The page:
Here are two ugly documents. In his 1882 cartoon, “What Shall We Do With Our Boys,” George Keller renders a Chinese laborer as an obscenely productive octopus, each arm busy at a task. Shut out of the workplace while the “coolie” does all the work, white boys—looking small and vulnerable—loiter on the sidewalk. A policeman arrests one, whose idleness seems to have driven him to mischief.
Then, the day after white miners killed 28 Chinese workers at a coal mine in Rock Springs, Wyoming, an editorial in the company-town newspaper reported that the “hated Chinese” had returned to town, guarded by soldiers, only to dig up “a large amount of money” from the ruins of their burned-down houses. Not content with the havoc wrought on the Chinese community on Sept. 2, 1885, the editorialist warned: “All the white miners in Rock Springs, except those absolutely required, are to be replaced by Chinese labor. … Rock Springs is killed, as far as white men are concerned, if such a program is carried out.”
These are relics of the racism that drove the creation of Chinese exclusion laws in the late 19th century. In her book The Chinese Must Go: Violence, Exclusion, and the Making of the Alien in America, Beth Lew-Williams, a historian at Princeton University, tells the story of the social consensus that birthed those laws, in bare and unsparing prose. The Chinese Must Go shows how a country that was moving, in a piecemeal and halting fashion, toward an expansion of citizenship for formerly enslaved people and Native Americans, came to deny other classes of people the right to naturalize altogether. Chinese exclusion created the idea of the inassimilable alien, Lew-Williams argues, and that concept still hurts Americans today.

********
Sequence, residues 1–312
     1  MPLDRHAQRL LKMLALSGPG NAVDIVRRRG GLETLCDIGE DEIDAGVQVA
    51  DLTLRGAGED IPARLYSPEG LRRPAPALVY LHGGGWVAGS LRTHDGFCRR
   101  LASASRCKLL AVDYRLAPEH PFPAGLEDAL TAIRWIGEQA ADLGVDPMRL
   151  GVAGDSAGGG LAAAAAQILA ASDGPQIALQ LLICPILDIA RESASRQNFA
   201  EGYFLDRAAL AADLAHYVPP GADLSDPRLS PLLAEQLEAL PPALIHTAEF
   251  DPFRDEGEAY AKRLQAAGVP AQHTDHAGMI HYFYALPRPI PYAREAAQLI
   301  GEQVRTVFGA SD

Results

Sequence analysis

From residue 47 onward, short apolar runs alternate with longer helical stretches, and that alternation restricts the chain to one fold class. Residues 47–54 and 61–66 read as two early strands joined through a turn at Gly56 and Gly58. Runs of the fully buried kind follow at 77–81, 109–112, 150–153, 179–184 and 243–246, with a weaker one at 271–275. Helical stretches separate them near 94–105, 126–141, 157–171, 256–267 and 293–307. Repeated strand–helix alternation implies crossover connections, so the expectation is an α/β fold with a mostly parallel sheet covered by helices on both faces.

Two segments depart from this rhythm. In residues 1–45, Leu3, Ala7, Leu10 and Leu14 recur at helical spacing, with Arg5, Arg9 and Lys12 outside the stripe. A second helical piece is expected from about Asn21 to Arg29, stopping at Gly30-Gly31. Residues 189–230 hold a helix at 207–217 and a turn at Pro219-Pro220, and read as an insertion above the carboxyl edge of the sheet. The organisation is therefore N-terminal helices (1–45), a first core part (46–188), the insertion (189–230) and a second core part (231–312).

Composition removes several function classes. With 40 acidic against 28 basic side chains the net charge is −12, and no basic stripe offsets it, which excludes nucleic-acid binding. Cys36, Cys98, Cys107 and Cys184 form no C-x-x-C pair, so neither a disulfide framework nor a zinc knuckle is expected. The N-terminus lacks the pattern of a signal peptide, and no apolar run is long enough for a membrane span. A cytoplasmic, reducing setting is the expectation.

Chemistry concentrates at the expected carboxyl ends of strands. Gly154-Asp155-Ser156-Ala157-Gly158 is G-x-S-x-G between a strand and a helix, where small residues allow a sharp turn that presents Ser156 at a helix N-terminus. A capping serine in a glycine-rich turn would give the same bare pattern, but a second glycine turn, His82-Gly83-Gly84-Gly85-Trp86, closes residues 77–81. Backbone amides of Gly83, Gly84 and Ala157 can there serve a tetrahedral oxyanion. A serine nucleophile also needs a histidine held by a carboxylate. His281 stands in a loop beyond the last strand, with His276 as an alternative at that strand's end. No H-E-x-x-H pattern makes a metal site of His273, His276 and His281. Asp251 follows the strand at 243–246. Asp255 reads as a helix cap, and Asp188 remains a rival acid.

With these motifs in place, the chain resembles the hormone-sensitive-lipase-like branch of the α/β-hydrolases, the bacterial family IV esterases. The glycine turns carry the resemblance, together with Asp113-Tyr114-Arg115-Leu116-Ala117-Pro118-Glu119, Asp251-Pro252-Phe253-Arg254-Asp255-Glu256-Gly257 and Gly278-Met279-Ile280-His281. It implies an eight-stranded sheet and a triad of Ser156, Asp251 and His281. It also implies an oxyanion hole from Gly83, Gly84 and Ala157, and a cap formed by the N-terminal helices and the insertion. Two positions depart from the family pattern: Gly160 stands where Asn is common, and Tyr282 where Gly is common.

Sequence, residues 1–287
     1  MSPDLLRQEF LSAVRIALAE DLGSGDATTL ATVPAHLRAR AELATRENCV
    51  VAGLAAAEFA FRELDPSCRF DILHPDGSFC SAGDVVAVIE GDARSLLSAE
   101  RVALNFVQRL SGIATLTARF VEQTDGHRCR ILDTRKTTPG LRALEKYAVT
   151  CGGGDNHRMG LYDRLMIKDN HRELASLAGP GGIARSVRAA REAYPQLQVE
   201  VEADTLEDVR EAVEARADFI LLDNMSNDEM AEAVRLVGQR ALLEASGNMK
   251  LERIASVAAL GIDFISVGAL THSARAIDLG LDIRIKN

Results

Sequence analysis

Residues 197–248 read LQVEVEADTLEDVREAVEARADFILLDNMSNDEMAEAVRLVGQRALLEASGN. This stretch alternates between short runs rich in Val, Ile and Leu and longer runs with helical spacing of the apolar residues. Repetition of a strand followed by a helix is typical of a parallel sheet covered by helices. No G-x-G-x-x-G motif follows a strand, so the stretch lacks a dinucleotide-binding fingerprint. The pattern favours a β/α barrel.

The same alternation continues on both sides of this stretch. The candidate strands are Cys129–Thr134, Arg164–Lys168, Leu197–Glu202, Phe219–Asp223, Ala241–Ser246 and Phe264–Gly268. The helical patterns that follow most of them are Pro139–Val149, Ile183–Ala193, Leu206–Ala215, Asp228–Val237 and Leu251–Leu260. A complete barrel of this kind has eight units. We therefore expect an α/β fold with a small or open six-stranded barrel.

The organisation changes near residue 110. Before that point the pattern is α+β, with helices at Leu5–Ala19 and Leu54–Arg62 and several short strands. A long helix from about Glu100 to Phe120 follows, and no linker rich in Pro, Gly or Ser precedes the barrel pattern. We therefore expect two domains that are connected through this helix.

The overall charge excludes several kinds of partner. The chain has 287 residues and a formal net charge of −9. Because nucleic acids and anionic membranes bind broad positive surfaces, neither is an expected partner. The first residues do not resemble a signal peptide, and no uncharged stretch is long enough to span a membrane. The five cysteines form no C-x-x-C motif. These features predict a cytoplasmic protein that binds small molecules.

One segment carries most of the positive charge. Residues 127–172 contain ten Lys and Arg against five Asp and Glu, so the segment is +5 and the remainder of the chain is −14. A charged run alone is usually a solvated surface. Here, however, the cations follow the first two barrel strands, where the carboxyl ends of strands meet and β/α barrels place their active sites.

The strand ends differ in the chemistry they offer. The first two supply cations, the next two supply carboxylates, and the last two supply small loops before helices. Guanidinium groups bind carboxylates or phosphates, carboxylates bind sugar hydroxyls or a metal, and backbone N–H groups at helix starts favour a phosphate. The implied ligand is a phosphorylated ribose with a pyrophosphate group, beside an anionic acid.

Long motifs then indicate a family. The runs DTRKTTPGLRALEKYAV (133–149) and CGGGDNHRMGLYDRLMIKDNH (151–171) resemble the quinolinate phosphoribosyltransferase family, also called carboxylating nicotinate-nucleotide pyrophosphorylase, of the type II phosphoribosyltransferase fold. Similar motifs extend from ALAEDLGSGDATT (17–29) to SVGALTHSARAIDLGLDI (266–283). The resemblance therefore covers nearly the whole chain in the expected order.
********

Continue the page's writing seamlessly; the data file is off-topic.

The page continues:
In the 1860s and 1870s, Chinese migrants had frequent contact with white Americans, in workplaces and in communities. Their residences, Lew-Williams argues, were not as spatially segregated as you might expect if you think only in terms of “that icon of Chinese spatial and cultural ghettoization,” the classic “Chinatown.” In Seattle in 1880, for example, 84 percent of Chinese residents had non-Chinese neighbors. “This frequent contact across the color line did not prevent anti-Chinese advocates from believing that the ‘Chinaman’ fell outside their imagined American community,” Lew-Williams writes. “To do so, however, meant unseeing social reality.”
The violence that groups of white people directed against Chinese migrants in the West—the deaths of the miners at Rock Springs; the forcible expulsion of the entire Chinese community in Tacoma, Washington, on Nov. 3, 1885; the many other acts of murder and property destruction—was racist, of course. But it was also integral to the passage of the laws that the government created to keep Chinese migrants out. Lew-Williams speaks often of “scales”—the idea that a person’s actions could be local (violence against neighbors), national (political arguments about immigration), or transnational (choices made about trade and treaties), and that actions taken in each of those contexts could have ripple effects on events taking place as close as next door, or as far away as around the globe. While that concept can feel academic, it’s also revelatory, showing how local acts of racial violence and the government’s passage of laws of exclusion were intertwined, even at a time when communication and transportation moved at a slower pace.